How can I give my baby’s tummy the best start in life? Nutritional Therapist Claire Barnes explains all about gut bacteria
Many mums ask the question, “does my baby need probiotics?’ With TV ads and social media chat about ‘good’ and ‘bad’ gut bacteria, it’s difficult to know if your baby is naturally protected or if their tiny tummies could do with some help.
The bacteria that make up a baby’s gut microflora (the bacteria that help break down food) are obtained as your baby passes through the birth canal and they are given more boosts through breast milk and from the environment around them. Recent research also suggests your own microflora will influence your baby’s gut flora.
A balanced microflora is important for everyone but possibly even more important for a baby’s health, to help prevent the later onset of health conditions. Beneficial bacteria in the gut can assist with the digestion of milk and the later introduction of solid foods as you start to wean your baby; they can also improve healthy bowel movements and create a strong protective gut lining, necessary for the absorption of nutrients as well as blocking any toxins.
An imbalance of a normal gut flora can occur for many reasons. In an infant these imbalances could have occurred due to, among other things, a Caesarean birth, premature delivery, formula feeding and antibiotic use. An imbalance of normal colonisation from infancy has been associated with many conditions, such as colic, eczema, food allergies and even conditions such as autism and attention deficit hyperactivity disorder. Here, Nutritional Therapist Claire Barnes explains more:
Infantile colic is a common and distressing problem for both babies and parents. Although the cause is unknown, it is suggested that gastrointestinal issues and constipation may play a role. Research has found that the gut flora appears to be imbalanced, with a lower bacterial diversity in infants suffering from colic. It appears these infants often have fewer levels of both beneficial Lactobacilli and Bifidobacterium. A recent trial showed a seven strain live bacteria supplement (probiotic) with prebiotics such as those found in found in Bio-Kult Infantis to significantly improve symptoms in infants suffering from colic, without any reported side effects.1
An imbalance in the gut flora appears to promote an immune environment which is more susceptible to allergies, so early colonisation with Bifidobacterium and Lactobacilli has been suggested to protect children from allergies. There is good evidence to suggest that multi-strain live bacteria supplements with prebiotics could be useful in supporting allergic conditions, such as eczema.2
Both maternal and early-life antibiotics have been associated with the later development of adverse health conditions such as allergies, obesity and possibly autism. Studies have shown that antibiotic treatment in early life has a detrimental effect on gut flora composition.3 Live bacteria and prebiotics may help to restore the balance of the gut flora after antibiotic treatment. Taking a multi-strain live bacteria supplement alongside antibiotics, two hours apart and continued for two to four weeks after the antibiotic therapy has finished, appears to be most effective.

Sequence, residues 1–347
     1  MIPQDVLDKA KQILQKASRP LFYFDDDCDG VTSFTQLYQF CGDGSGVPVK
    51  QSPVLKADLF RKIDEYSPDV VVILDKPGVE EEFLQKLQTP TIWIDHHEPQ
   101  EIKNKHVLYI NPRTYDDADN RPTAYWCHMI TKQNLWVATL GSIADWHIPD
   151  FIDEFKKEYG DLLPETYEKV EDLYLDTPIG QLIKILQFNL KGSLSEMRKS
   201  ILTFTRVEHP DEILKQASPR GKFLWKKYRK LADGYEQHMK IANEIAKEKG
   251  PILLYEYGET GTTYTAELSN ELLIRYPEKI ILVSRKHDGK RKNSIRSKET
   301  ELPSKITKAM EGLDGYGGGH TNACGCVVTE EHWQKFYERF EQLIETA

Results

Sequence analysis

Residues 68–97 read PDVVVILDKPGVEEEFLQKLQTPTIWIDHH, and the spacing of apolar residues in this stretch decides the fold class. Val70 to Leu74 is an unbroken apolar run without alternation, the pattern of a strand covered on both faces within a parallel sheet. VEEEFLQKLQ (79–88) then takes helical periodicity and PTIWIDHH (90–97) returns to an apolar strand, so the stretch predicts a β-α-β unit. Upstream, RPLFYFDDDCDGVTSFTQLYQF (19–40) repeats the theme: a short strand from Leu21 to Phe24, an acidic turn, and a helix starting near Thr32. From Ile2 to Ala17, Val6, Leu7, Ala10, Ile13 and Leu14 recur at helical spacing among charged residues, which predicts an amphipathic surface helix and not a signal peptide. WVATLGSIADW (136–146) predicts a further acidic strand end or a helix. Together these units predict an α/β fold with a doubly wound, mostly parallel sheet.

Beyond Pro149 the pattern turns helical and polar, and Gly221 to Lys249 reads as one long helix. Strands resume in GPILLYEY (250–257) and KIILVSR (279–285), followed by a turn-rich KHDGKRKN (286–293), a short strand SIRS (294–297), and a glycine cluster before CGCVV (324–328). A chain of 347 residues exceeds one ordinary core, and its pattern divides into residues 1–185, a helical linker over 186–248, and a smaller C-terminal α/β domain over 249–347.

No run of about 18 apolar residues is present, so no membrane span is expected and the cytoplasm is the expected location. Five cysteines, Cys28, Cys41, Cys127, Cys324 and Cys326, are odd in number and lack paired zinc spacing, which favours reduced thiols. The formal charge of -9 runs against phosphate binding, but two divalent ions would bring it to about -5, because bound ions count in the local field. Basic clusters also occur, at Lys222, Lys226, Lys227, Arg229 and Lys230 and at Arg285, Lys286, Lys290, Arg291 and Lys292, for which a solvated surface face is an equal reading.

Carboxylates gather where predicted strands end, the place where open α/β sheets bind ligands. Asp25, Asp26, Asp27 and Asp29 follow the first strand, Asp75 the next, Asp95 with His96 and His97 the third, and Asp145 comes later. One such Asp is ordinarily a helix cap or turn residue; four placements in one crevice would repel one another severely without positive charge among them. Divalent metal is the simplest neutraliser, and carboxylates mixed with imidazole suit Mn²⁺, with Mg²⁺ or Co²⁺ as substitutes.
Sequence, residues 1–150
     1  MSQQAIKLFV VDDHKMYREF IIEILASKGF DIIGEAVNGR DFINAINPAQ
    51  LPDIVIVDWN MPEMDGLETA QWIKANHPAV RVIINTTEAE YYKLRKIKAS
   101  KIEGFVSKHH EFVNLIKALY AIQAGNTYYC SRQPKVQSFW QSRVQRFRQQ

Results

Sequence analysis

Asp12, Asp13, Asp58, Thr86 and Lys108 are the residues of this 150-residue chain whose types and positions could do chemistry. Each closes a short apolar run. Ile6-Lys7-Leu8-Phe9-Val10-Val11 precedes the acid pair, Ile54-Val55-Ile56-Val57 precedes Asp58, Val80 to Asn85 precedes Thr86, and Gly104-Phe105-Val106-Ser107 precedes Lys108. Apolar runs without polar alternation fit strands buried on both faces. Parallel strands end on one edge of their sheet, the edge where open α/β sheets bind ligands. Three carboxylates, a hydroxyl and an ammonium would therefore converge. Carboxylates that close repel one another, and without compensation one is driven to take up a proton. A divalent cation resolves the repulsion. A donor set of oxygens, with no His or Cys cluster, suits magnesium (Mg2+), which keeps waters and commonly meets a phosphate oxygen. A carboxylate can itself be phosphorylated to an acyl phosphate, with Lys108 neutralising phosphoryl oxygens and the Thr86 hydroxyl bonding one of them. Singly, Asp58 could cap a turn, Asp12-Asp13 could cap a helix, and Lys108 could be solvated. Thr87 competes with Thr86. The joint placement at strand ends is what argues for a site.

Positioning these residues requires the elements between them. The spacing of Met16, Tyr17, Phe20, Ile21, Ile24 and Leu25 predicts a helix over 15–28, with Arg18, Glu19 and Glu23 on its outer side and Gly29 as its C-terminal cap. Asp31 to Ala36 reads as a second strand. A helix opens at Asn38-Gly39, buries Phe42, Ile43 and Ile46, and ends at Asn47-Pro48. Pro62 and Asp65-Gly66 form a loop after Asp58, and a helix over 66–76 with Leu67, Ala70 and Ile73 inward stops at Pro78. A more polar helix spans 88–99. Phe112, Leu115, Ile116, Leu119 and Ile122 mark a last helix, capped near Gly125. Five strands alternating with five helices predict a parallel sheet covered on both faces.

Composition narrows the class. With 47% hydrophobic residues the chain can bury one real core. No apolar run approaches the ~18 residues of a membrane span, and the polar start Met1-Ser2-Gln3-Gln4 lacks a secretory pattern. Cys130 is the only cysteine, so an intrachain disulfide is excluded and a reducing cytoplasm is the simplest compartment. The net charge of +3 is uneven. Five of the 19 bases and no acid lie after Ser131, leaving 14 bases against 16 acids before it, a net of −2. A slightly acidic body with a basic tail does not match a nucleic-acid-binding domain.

Premature babies show a remarkably less diverse microbiome than full term healthy babies. An imbalance in the gut flora of a preterm infant is associated with Caesarean delivery, increased exposure to antibiotics, lack of breast-feeding and exposure to environmental toxins. Probiotic species have been used successfully to colonise the gut of preterm infants, reducing the numbers of potentially pathogenic bacteria and improving gut functioning.4
It is already widely accepted that the brain sends signals to the gut, which is why stress and other emotions can contribute to gut symptoms. Research now indicates that the signals also travel in the opposite direction. Gastrointestinal symptoms have been found to be strongly correlated with the severity of behavioural conditions such as autism and an abnormal gut flora is often observed. It has been suggested that pathogenic micro-organisms produce toxins that could cross the blood brain barrier and interfere with brain development. A recent survey gave autistic children a multi-strain probiotic for six months, the results showed a significant decrease in severity of symptoms and significant improvements in gastrointestinal symptoms.5
To find out more about Bio-Kult Infantis, a pre- and pro-biotic for babies, £11.95, visit (www.bio-kult.com)
1. Kianifar H, Ahanchian H, Grover Z, et al. Synbiotic in the management of infantile colic: a randomised controlled trial. J Paediatr Child Health 2014; : 801–5.
2. Chang Y-S, Trivedi MK, Jha A, Lin Y-F, Dimaano L, García-Romero MT. Synbiotics for Prevention and Treatment of Atopic Dermatitis: A Meta-analysis of Randomized Clinical Trials. JAMA Pediatr 2016; 170: 236–42.
3. Rutten NBMM, Rijkers GT, Meijssen CB, et al. Intestinal microbiota composition after antibiotic treatment in early life: the INCA study. BMC Pediatr 2015; 15: 204.
4. Abdulkadir B, Nelson A, Skeath T, et al. Routine Use of Probiotics in Preterm Infants: Longitudinal Impact on the Microbiome and Metabolome. Neonatology. 2016; : 239–47.
5. MD RW, Roberts E, Sichel LSS and J. Improvements in Gastrointestinal Symptoms among Children with Autism Spectrum Disorder Receiving the Delpro® Probiotic and Immunomodulator Formulation. J Probiotics Heal 2013; 2013. DOI:10.4172/2329-8901.1000102.